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Posted on September 18, 2019

For Wm. T. Spaeder, technology is a means of our present and our future. We pride ourselves in utilizing cutting edge technologies to develop and create complex, yet, seamless projects for our customers. This technology assists us in project layout, fabrication & pre-fabrication and, in turn, meeting our project budgets. Although the employees of Spaeder are all well-versed in utilizing these technologies they are also still capable of ‘doing-it, old-school’ which is great as there are some people who just haven’t quite gotten the ‘hang’ of the ‘new-ways’ yet.

During a recent conference I attended, I listened to a speaker discuss the future of technology (NSC Congress & Expo 2019, Jim Carroll). Mr. Carroll quoted, as a fact, that 6 out of 10 kids ages 0-4 (presently) will work in jobs that do not exist at this present time. He also stated that, presently, in the technology world, three months after technology is released, it is replaced by something better and is, thus, obsolete. How crazy is that?

So you’re probably wondering, how does this advancement relate to safety and, trust me, it does relate. You see, with this new technology new doors will open allowing us to streamline our safety management systems, trainings, tracking and auditing styles and how we communicate with our employees. But what will also happen is with this new accelerated technology, we will accelerate our risk. You see, right now, as safety professionals, we manage the gaps created by our employees (whether that is morale, general personality issues or maybe it’s a lack of available resources). In the future, we will have to manage the gaps that technology creates. Let’s look at a common home device as an example of a potential gap. Most modern households are leaning towards utilizing devices that allow you to ‘virtually’ control your temperature in your house. As technology progresses and we continue to provide our ‘HVAC’ service, do you think handling these systems will remain the same? Will the chemicals that control these systems remain the same? Will the hazards remain the same?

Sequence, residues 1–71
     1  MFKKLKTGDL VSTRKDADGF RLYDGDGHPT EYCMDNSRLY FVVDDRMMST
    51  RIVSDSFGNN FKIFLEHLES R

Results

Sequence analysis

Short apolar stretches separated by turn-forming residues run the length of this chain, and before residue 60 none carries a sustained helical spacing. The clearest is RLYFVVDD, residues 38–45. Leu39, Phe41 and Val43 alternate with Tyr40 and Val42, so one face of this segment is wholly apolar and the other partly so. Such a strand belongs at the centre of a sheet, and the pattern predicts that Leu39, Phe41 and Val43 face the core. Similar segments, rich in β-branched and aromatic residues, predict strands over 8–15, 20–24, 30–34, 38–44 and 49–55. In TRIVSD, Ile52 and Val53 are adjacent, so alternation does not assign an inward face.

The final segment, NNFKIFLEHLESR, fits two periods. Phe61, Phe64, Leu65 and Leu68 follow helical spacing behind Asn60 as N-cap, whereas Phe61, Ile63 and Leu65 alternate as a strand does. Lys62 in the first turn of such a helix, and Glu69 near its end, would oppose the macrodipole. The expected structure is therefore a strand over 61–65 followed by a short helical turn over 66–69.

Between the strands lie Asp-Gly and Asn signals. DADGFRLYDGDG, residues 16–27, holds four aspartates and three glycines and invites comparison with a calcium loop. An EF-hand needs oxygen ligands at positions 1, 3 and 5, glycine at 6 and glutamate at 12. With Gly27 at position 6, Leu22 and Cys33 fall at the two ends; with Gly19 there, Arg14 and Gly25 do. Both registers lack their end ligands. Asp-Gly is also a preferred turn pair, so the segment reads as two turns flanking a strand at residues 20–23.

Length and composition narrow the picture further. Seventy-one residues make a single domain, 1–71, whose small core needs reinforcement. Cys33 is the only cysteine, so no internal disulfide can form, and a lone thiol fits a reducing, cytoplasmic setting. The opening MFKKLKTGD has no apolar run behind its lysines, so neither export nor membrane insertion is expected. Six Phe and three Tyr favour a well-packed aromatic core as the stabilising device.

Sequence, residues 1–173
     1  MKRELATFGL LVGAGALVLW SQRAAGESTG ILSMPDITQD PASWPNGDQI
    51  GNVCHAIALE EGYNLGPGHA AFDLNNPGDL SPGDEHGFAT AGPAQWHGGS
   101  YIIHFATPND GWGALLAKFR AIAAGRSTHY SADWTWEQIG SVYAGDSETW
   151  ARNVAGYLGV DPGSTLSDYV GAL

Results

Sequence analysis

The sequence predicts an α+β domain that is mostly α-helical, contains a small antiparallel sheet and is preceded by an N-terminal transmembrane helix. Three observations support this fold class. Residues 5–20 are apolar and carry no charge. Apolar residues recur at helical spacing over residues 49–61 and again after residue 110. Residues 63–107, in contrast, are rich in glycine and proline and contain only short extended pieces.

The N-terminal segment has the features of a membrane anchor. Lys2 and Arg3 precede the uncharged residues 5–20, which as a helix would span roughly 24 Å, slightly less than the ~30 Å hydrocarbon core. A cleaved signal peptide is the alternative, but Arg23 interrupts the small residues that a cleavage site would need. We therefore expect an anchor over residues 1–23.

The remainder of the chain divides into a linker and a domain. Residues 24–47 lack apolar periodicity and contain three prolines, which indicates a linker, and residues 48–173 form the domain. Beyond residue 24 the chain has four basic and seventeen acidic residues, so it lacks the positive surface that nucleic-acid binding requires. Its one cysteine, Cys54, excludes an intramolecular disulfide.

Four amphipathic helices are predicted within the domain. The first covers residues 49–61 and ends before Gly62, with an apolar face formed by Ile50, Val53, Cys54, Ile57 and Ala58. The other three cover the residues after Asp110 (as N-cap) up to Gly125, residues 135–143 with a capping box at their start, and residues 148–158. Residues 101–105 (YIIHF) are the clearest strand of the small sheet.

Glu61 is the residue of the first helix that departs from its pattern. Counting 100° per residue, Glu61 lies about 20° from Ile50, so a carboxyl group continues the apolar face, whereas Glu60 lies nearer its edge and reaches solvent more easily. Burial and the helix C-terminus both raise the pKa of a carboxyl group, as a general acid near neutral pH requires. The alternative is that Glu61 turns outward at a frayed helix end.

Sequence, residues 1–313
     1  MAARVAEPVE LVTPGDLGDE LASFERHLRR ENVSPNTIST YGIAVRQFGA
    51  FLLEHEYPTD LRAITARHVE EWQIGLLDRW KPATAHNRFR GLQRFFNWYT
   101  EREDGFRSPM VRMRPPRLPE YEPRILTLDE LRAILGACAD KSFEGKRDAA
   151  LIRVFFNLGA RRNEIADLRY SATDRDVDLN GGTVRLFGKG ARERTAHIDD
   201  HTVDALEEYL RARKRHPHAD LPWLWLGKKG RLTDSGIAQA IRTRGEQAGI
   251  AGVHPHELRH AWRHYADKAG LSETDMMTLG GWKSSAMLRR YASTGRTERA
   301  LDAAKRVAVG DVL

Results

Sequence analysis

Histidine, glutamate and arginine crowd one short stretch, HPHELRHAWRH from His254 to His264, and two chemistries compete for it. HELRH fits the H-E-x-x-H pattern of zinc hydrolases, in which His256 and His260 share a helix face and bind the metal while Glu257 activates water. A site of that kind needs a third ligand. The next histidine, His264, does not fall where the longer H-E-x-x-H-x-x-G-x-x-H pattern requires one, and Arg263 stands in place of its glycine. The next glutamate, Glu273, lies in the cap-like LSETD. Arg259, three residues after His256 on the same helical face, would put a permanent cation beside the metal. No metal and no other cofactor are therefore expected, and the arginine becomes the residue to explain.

You see, the world is changing and although, in my opinion, Wm. T. Spaeder is progressing ahead of its competition and analyzing the potential hazards proactively as a team, we aren’t the only ones in the business. As we recruit new employees who may not have been immersed in our progressive and pro-active ways, we have a great potential for risk. In-attention leads to risk for an organization and risk, leads to unnecessary failure.

From the management team at Spaeder to, most importantly, our employees and their families and to our customers and competitors, we will not allow ourselves to fall victim to this in-attention. Change your future before your future changes you.

Kassie Koser
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